Prison myth No. 2:  'You have to be a team player'

By Stan Moody | Jan 13, 2010

As I write this article, it is 9:45 a.m. Christmas Day. I have been a team player in the give and take of gifts and good wishes. The game is over; team members are dispersing. It is time for reflection until the next group meeting in a couple of hours or, in the context of the publishing of this column, perhaps another year.

Who were the great team players in human history?

Certainly not Gandhi, the author of nonviolent protest; not Jesus of Nazareth, who refused a coronation by his followers; not Galileo, who was tried and convicted of heresy against his church for daring to suggest the sun did not revolve around the earth. Nor was Martin Luther a team player. He was tried, convicted and condemned to death (never carried out) for valuing truth over tradition. His namesake, Martin Luther King Jr., was assassinated for daring to challenge long-held traditions of bigotry and hatred covered with a veneer of religious conviction.

There don't seem to be many, if any, team players who have been associated with change, success or victory. An exception is basketball, where kudos are given to the player who passes off rather than takes the low-percentage shot from outside the circle -- provided the team wins, of course. Basketball, however, is a very public game, which distinguishes it from prison.

Maine State Prison is anything but a public game. The taxpayer has every interest in preserving team players at the prison -- staff and prisoners alike. Who wants to be reminded of our failures? Nestled in the midst of 1,100 acres of farmland outside the beaten path of Route 1, the prison is a monument to law and order, housing within its razor-wire barriers 1,000 men serving out their sentences for antisocial behavior -- failing to be team players.

Within its walls, however, is a beehive of activity -- moving paper from one department to another and logging nearly every 15-minute segment of the day. It is the quintessential example of a team committed to a process of tamping down anything that fails to fit comfortably within the boundaries set by 200 years of human warehousing unless mandated to do so by legislation or a court order.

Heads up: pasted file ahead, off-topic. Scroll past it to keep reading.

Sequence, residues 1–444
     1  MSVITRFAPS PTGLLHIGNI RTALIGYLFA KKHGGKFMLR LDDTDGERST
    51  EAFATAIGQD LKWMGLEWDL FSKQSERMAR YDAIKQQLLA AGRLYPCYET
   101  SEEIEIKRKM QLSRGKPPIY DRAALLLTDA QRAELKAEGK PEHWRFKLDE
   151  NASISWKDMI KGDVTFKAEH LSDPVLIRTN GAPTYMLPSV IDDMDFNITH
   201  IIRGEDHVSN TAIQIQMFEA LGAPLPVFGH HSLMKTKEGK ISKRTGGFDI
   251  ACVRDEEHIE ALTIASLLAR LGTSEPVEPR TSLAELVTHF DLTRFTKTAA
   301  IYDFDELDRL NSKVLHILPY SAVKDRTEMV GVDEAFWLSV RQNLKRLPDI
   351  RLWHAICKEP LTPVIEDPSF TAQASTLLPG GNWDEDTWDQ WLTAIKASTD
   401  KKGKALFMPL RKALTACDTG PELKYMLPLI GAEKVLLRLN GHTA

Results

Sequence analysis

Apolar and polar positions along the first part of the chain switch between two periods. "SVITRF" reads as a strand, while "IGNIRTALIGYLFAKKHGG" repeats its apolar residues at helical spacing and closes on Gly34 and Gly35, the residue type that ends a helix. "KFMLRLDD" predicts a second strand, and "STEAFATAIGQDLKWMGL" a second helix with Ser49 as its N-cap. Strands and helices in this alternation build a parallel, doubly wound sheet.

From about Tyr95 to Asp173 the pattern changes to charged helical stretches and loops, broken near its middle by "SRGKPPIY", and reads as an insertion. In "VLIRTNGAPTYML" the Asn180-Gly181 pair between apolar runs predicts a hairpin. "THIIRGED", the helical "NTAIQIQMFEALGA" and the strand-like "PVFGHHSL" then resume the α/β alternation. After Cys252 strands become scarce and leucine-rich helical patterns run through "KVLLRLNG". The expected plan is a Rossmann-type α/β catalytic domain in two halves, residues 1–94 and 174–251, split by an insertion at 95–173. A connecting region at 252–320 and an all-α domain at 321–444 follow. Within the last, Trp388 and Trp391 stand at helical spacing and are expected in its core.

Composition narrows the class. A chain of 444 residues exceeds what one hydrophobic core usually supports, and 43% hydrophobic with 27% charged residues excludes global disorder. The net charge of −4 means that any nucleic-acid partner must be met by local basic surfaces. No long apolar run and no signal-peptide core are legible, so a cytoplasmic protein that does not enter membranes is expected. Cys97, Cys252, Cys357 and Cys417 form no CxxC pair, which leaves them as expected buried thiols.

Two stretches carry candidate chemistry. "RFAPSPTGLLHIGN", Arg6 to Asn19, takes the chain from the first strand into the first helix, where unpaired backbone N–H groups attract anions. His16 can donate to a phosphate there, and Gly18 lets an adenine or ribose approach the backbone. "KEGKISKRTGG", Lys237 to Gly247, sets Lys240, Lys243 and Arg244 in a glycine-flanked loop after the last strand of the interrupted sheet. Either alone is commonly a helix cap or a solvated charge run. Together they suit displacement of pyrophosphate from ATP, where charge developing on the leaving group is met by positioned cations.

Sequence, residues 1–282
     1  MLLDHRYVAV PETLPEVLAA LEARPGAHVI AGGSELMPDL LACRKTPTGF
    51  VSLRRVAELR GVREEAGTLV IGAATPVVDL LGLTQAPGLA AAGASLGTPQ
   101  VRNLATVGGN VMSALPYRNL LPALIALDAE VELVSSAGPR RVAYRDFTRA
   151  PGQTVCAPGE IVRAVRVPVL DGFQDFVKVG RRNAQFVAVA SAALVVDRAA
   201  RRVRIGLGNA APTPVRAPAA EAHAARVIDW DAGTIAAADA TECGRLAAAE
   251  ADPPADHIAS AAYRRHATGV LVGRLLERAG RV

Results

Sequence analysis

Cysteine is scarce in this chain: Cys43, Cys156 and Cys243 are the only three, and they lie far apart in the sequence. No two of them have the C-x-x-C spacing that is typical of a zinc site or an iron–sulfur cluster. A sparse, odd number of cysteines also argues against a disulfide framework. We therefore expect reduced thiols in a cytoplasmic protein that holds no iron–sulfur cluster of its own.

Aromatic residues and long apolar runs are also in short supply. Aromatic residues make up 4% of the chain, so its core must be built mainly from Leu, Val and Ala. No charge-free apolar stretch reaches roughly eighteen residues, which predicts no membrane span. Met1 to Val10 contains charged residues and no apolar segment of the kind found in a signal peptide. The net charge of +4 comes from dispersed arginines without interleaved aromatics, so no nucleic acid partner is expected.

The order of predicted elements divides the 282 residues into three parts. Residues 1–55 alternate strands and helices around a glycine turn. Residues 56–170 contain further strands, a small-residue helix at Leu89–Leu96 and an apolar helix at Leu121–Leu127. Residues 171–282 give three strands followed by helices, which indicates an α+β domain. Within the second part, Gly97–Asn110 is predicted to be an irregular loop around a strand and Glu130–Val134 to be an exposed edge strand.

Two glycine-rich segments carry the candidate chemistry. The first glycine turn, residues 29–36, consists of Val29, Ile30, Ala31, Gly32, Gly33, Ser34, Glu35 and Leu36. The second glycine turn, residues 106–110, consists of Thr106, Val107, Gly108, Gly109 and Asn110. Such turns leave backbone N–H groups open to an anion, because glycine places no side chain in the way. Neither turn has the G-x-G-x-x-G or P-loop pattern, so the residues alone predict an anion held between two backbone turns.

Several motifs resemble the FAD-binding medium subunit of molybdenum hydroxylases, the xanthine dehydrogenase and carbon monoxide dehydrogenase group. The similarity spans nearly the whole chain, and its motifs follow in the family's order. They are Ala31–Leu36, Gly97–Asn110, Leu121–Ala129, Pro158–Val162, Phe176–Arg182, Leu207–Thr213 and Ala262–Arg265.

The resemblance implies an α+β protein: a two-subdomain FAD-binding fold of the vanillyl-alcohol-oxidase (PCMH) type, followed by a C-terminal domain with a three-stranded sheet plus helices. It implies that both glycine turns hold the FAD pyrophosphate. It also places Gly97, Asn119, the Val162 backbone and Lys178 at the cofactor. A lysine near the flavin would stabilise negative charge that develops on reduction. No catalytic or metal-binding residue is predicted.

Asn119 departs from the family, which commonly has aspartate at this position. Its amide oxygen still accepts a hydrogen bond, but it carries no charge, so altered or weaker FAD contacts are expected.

Needless to say, low-percentage shots from outside the circle are systematically blocked at the prison.

Initial interviews of the new warden, Patricia Barnhart of Michigan, have highlighted team building as the strength she brings to the job. In the past, team building from the corrections commissioner on down has placed a premium on the three-monkey defense -- "see no evil; hear no evil; speak no evil."

We can only hope that Warden Barnhart, while working on staff morale, will not become a typical corrections department team player at a time when cracks are beginning to appear in the three-monkey defense.

A long history of team players has held the prison culture to a 19th-century prison model within a 21st-century shell. I am reminded of the history of religious convents, benign on the outside but seething with conflict and denial within.

The death of prisoner Sheldon Weinstein was a watershed moment for team players at the department. Since Weinstein died unattended in solitary confinement four days after an assault, there was no way for team players to circle the wagons. Try as they might, it couldn't be done.